In English, we often have a special word or term that is used to describe the first part of an action. One of my previous blogs was an example of this: the difference between “find out” and “know”. As I explained before, first we find something out, and then we know it.
This is the same case for “put on” and “wear”: first we put something on, and then we wear it. For example:
The shirt you’re wearing now is really wrinkled. You should put on another shirt.
A: What do you put on first when you’re getting dressed in the morning?
B: I put on my underwear first of course! After that, I put on my pants.
I love what you’re wearing. It’s such a nice outfit.
It’s time to leave. Go and put on your coat because it’s cold outside.
I need to wear a heavy coat today because it’s very cold.
So the term “put on” refers to the time that we put a piece of clothing on our bodies. This is very fast and would usually take no longer than a minute. After the piece of clothing is completely on our bodies, we then say that we are wearing it.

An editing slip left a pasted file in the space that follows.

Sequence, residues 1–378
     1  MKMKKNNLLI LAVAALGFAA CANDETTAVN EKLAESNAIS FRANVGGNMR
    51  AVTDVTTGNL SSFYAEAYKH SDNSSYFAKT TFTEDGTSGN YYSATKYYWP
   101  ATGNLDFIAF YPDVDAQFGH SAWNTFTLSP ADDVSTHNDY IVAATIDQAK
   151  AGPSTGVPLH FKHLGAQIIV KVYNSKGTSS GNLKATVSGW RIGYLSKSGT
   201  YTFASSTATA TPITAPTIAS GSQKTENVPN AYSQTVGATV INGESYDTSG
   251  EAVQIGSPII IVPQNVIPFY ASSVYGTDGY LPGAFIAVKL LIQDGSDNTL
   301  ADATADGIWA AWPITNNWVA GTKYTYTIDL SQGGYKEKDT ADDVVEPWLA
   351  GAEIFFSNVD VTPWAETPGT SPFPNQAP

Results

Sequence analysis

When we talk about removing that piece of clothing from our bodies, we use the term “take off”. For example:
It’s time for a bath. Go and take off your clothes, and I’ll fill the bathtub with water for you.
I often take off my shoes when I’m sitting at my desk at work.
I don’t want to take off my coat because it’s really cold in the office today.
Please note that we don’t say “put off” when talking about removing clothes; we always say “take off”. Also, please note that in English, we use “put on”, “wear” and “take off” for any piece of clothing: hats, shirts, pants, shoes, socks, etc. We also use these terms for other things we put on our bodies such as jewelry, glasses and make up.